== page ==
- Paul de Grauwe (2012): “The situation of Spain is reminiscent of the situation of emerging economies that have to borrow in a foreign currency…they can suddenly be confronted with a ‘sudden stop’ when capital inflows suddenly stop leading to a liquidity crisis”.
- Lorenzo Bini Smaghi (2013): “… countries which lost competitiveness prior to the crisis experienced the lowest growth after the crisis”.
- Hans Werner Sinn (2010): “The lesson to be learned from the crisis is that a currency union needs ironclad budget discipline to avert a boom-and-bust cycle in the first place”.
- Paul Krugman (2012): “… on the eve of the crisis (Spain) had low debt and a budget surplus. Unfortunately, it also had an enormous housing bubble, a bubble made possible in large part by huge loans from German banks to their Spanish counterparts”.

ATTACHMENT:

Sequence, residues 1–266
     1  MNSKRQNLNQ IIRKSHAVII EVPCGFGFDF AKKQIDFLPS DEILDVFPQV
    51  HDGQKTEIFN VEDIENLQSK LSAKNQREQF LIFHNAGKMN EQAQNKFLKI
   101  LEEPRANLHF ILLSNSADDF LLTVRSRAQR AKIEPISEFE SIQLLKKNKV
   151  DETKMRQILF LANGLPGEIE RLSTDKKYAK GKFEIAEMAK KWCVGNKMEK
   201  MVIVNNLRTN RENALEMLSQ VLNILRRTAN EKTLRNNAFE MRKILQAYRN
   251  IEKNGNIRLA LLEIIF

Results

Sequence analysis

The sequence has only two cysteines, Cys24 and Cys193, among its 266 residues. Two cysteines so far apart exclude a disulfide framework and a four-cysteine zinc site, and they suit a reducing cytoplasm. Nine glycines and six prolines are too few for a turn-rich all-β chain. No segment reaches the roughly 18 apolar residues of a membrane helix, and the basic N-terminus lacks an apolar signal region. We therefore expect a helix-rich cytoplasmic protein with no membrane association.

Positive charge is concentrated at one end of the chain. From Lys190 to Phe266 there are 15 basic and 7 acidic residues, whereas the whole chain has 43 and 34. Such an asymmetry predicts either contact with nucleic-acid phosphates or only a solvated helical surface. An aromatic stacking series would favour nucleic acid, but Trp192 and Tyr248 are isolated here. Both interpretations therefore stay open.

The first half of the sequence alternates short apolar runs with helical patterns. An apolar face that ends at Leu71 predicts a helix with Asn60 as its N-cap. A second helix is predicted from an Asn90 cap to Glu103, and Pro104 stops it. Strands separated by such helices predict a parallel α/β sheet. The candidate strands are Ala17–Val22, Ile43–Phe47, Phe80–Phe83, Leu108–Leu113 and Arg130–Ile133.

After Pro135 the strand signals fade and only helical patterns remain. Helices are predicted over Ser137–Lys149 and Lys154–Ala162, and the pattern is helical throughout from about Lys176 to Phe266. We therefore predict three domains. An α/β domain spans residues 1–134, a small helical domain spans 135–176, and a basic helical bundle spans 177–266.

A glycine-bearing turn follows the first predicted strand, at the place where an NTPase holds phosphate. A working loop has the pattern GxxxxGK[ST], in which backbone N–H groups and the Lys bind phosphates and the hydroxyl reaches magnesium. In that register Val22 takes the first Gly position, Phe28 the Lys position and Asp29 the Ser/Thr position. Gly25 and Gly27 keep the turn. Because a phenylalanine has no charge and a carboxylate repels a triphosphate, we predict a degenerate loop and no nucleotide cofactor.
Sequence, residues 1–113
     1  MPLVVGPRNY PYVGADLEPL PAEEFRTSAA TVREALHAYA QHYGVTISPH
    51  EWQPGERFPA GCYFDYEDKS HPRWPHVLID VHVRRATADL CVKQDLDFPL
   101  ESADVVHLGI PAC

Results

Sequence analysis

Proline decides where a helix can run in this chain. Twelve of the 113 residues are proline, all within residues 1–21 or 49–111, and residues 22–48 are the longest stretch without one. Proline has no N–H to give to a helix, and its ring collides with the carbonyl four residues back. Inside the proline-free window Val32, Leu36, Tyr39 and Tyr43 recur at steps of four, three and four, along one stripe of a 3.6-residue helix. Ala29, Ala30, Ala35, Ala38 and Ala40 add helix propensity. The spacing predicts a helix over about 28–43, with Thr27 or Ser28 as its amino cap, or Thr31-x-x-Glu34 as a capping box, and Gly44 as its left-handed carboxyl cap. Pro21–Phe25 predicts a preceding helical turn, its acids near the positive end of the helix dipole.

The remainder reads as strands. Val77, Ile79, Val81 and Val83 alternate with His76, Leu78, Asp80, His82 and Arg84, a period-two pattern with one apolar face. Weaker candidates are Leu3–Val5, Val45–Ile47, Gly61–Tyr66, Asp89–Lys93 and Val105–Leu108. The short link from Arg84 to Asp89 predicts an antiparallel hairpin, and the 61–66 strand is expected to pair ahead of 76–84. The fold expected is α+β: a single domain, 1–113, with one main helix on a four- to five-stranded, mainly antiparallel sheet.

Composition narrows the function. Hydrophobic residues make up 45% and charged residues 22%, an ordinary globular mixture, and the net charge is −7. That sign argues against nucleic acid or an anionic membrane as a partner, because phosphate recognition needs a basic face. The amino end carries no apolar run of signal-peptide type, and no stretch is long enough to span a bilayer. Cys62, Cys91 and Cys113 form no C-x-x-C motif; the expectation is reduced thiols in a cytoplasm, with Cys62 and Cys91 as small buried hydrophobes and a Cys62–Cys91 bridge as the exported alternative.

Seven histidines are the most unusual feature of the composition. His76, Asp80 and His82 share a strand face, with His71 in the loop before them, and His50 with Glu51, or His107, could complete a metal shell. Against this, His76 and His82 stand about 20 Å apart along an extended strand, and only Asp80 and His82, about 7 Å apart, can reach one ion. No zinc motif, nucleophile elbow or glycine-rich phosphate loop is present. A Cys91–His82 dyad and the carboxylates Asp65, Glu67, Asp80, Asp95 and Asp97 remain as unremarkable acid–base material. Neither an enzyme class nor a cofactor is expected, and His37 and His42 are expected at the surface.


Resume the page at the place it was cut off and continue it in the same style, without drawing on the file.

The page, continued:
Most observers understand that all these ‘usual suspects’ have played a role and may be interrelated, but do not offer a way to quantify their respective importance. In this context, it is difficult to frame policy prescriptions on macroeconomic policies and on reforms in the Eurozone.
Given the scale of the crisis, understanding the dynamics of the Eurozone is a major challenge for macroeconomics today.
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